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WWF works to sustain the natural world for the benefit of people and wildlife, collaborating with partners from local to global levels in nearly 100 countries.
The Role of Business
Plastics were a hallmark of 20th century innovation, and remain part of many of our most trusted products. While a sustainable future includes plastic, plastic pollution is threatening the planet’s ability to sustain life.
A victory over plastic pollution can be the hallmark of 21st century innovation but only if all of us – individuals, communities, governments and businesses – commit to being “all in” on reducing plastics’ presence and negative impacts..
The UN Global Treaty on Plastics is a once-in-a-generation opportunity to end plastics pollution, as negotiators from 175 nations, with the active participation of the business sector, build a coalition via a series of convenings held around the world. Among the outcomes are concrete actions and timelines for each group of stakeholders, which includes businesses of all sizes and types worldwide.
The third of this series of negotiations, INC-3, takes place in Nairobi in November and focuses on making evidence-based decisions to achieve the outcome our planet needs. WWF advocates for establishing specific and common regulations targeting high-risk plastic products and uses along the full lifecycle of plastics.
The success of the treaty will depend on whether it establishes:
Consider that more virgin plastic products were made in the past 15 years than in the entire 20th century. With 20% of plastic becoming litter, more pollution is flowing into nature. We can control high-risk plastics through six main paths: Ban, Phase-Out, Reduce, Redesign, Recirculate and Manage.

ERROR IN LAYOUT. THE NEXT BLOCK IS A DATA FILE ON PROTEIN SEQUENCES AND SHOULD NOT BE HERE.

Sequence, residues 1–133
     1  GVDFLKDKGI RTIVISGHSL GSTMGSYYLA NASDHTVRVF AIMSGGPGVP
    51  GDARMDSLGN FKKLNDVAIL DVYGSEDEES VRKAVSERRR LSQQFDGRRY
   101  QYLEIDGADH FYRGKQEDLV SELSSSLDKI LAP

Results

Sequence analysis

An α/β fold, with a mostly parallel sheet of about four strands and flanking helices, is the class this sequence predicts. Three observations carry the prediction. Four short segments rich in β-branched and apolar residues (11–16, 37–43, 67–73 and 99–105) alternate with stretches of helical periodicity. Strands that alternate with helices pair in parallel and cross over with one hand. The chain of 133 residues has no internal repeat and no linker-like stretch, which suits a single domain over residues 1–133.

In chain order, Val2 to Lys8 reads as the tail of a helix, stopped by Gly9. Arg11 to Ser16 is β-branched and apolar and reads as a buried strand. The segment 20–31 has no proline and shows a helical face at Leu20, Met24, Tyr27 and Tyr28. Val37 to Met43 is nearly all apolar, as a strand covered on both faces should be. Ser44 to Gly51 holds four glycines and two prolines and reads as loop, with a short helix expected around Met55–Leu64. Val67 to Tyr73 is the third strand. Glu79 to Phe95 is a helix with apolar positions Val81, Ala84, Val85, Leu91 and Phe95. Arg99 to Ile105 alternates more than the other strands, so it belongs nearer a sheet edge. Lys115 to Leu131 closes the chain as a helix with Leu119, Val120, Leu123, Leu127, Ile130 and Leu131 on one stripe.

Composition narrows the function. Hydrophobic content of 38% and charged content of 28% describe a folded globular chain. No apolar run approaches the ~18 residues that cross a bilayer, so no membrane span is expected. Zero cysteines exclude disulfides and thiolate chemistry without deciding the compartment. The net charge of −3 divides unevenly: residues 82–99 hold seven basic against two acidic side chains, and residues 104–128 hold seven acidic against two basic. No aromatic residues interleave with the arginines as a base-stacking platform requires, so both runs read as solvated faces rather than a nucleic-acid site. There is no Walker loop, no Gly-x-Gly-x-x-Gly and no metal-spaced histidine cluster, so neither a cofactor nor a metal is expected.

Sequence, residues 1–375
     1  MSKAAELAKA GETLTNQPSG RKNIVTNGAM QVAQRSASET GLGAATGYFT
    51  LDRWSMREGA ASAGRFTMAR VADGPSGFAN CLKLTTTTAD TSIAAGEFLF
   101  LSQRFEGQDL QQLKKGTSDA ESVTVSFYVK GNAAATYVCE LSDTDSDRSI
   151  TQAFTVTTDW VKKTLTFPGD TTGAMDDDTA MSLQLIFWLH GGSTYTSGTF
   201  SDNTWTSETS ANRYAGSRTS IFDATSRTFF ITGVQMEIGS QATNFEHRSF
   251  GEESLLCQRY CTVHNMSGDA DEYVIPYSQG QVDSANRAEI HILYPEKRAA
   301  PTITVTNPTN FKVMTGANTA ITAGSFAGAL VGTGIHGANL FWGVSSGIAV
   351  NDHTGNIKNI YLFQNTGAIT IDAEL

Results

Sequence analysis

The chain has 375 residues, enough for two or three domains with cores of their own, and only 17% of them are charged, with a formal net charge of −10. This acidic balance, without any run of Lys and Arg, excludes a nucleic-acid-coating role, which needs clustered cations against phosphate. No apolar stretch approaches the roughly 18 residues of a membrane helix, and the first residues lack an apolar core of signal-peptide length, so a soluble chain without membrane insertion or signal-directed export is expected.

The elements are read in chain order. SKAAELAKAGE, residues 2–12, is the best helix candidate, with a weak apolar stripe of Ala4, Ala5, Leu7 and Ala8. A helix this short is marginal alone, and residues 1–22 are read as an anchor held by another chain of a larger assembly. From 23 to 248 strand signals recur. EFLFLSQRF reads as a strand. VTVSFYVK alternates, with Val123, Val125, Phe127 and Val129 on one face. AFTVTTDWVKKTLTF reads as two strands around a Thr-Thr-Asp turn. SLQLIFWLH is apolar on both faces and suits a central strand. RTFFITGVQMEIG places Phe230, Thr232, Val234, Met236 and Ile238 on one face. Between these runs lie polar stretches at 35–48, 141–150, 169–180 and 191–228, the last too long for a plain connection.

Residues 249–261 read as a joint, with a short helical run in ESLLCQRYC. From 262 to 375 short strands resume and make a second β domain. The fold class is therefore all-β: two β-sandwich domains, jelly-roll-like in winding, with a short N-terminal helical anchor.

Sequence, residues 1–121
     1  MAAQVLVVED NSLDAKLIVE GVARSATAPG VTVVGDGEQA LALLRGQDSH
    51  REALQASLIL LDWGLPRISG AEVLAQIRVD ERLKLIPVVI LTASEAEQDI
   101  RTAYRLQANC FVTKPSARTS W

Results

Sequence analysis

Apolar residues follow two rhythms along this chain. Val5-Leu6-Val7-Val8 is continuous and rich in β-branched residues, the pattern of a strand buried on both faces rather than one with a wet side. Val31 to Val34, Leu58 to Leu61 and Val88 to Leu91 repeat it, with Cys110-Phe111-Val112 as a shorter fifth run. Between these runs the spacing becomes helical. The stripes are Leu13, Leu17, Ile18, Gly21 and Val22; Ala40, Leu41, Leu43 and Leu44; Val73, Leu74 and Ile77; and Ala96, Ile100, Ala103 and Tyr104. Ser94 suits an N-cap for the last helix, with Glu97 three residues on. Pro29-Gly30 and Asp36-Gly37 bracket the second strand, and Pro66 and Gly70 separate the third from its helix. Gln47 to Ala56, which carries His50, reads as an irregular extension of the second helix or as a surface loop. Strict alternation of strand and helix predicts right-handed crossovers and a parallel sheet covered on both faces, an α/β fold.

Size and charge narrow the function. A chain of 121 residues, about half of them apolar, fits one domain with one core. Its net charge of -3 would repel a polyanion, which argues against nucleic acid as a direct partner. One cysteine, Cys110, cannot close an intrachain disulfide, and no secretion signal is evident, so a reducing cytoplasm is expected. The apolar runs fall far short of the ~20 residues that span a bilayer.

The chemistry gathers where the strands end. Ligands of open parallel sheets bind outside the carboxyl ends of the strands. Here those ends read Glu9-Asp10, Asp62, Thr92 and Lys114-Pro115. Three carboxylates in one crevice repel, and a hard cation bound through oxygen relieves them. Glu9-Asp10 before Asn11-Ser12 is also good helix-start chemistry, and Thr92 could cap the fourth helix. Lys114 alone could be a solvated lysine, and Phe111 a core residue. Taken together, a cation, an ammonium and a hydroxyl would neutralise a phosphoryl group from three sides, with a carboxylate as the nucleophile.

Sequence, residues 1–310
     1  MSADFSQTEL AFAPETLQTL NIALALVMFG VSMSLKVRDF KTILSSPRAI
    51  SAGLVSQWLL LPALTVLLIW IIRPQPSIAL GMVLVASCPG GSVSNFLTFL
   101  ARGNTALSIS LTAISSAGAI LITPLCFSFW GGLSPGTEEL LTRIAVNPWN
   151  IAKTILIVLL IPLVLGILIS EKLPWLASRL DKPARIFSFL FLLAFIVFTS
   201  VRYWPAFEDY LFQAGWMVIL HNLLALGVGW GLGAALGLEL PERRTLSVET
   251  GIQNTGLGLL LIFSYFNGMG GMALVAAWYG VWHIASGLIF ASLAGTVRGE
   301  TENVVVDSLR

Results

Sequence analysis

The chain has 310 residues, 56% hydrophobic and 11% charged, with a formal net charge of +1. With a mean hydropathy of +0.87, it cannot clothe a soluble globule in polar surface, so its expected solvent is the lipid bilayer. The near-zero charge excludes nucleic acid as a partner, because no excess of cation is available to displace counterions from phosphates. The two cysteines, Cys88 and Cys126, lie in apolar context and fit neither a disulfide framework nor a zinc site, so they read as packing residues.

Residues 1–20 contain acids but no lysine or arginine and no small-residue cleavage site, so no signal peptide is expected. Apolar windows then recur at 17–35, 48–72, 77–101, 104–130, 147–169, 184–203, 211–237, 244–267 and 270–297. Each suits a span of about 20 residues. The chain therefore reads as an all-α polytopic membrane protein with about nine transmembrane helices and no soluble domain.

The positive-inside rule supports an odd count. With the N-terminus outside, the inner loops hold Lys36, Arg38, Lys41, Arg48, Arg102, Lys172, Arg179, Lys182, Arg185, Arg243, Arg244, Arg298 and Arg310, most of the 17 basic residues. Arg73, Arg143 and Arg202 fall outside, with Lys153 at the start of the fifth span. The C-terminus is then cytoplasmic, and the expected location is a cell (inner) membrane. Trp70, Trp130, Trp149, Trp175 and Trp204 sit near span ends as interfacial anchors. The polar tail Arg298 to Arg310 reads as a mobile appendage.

Businesses large and small are uniquely able to draw and hold the attention of government leaders and consumers alike. Further, their innovations and actions set the pace others follow. Thus, it is critical businesses not just “sign on” to the treaty but follow through on binding commitments they make as participants.
However, negotiators recognize businesses rely on certainty and risk reduction to plan for the future. Thus, a treaty goal is to ensure all governments and businesses play by the same, binding rules for plastic production, reuse and disposal. This will make it easier and more cost effective for all manner of businesses to realize their full potential to make an impact.
Among WWF’s recommended baseline actions for business:
Our shared healthy future requires a phased approach that marries urgency with pragmatism. Voluntary actions are helpful, but a global treaty with binding rules is better for everyone. Taking action now not only gets businesses ahead of a coming regulatory curve, it marks them as leaders others wish to follow and support. And that’s just good business.